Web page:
This academy approach would make a more attractive career path for cyber and digital specialists. Participants would be streamed and deployed according to their unique skills and attributes.
Graduates would move easily across the national security system, creating lasting links between the government, public sector and academia as they develop varied careers in challenging roles. The nation needs to provide such opportunities as part of a high-value, knowledge-based economy.
This new cyber workforce needs to adapt swiftly to emerging technologies and technological risks, hence the need to build greater resilience and adaptiveness into the system and improve its ability to withstand shocks.
Promote a purpose-led agenda to inspire the workforce
As the world recovers from COVID-19, many will reflect on what they want from employment. Their experience is likely to accelerate the flexible career paths the National Data Science Academy would create. Such trends are already emerging as the result of digital disruption and the aspirations of younger workers seeking flexible, durable careers.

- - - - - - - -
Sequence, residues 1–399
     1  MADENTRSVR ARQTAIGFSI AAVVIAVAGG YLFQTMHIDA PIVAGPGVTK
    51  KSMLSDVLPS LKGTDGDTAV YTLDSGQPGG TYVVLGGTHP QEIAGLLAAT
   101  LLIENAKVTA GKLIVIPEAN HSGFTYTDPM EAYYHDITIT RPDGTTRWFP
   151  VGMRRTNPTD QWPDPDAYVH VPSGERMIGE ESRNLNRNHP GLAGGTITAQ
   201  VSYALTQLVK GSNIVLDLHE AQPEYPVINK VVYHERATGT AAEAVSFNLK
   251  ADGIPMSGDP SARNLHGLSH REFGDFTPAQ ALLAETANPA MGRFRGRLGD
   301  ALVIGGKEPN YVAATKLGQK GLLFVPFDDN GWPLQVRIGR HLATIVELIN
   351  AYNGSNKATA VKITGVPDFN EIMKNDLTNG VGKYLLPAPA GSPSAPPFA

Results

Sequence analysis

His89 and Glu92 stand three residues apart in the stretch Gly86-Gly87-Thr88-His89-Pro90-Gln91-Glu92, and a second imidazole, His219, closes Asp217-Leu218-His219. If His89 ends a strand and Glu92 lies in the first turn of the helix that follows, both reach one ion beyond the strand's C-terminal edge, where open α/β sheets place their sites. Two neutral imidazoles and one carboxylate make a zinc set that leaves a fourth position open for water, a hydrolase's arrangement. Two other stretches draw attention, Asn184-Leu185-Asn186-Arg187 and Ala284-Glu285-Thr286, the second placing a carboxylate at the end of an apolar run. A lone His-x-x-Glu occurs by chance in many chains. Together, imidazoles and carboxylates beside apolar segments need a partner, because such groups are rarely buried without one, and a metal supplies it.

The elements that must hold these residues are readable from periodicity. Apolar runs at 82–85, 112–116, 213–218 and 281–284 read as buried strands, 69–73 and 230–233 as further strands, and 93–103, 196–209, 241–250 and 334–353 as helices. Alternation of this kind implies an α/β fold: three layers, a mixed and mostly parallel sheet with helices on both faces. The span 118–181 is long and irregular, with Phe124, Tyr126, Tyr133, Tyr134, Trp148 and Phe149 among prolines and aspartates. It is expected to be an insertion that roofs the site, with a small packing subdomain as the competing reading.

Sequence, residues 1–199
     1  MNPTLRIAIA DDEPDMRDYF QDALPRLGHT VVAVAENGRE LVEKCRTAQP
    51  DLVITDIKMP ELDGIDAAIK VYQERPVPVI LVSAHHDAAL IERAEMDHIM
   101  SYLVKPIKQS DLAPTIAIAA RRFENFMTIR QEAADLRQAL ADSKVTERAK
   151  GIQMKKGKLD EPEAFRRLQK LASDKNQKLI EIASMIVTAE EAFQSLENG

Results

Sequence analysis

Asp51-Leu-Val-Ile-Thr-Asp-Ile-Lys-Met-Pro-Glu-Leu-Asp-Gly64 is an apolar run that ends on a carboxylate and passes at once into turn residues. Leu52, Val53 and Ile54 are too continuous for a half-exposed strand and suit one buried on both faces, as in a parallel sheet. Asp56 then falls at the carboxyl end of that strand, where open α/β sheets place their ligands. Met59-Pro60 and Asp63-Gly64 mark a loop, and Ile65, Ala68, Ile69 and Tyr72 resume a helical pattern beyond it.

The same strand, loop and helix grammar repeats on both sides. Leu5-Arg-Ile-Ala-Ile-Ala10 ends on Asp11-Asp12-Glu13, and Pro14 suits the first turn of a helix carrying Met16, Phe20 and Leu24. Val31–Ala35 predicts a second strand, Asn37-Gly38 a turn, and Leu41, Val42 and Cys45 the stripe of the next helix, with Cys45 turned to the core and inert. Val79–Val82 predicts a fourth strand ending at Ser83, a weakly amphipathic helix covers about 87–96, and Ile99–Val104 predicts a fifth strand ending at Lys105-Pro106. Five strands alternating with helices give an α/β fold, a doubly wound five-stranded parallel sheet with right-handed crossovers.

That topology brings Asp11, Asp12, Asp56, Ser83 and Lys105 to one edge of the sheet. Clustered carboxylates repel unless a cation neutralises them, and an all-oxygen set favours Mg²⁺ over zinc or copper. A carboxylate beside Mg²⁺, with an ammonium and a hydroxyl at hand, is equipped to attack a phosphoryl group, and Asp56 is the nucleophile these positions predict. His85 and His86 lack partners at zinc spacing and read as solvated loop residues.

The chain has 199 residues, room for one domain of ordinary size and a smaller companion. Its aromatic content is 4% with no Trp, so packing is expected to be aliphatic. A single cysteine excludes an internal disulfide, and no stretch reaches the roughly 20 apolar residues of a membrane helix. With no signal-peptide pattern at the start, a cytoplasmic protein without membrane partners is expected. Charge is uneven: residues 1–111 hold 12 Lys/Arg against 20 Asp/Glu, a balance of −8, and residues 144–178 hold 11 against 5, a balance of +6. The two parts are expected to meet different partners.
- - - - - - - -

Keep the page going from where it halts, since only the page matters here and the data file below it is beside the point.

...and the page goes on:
Attracting and retaining talent, particularly people with scarce technical skills, will rely on capturing their imagination and fostering a shared sense of purpose. Employees want to work for an organisation that reflects their values. Employers who offer purpose-led, adaptable, collaborative working will attract the best. The power of purpose is an asset, a mobilising force and a reason for being. And this energy has only strengthened lately with the response to COVID-19.
But while the UK’s global influence and national security raison d’être is compelling, it is organisationally fragmented, so it must articulate a joint purpose across similar organisations and make this a reality.
Make national resilience a core function